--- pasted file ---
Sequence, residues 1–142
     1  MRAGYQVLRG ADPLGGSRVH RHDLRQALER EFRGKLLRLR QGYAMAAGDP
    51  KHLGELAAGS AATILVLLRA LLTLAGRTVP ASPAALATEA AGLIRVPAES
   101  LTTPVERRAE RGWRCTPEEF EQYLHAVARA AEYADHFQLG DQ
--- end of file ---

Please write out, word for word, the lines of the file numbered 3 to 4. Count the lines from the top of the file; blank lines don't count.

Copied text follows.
    51  KHLGELAAGS AATILVLLRA LLTLAGRTVP ASPAALATEA AGLIRVPAES
   101  LTTPVERRAE RGWRCTPEEF EQYLHAVARA AEYADHFQLG DQ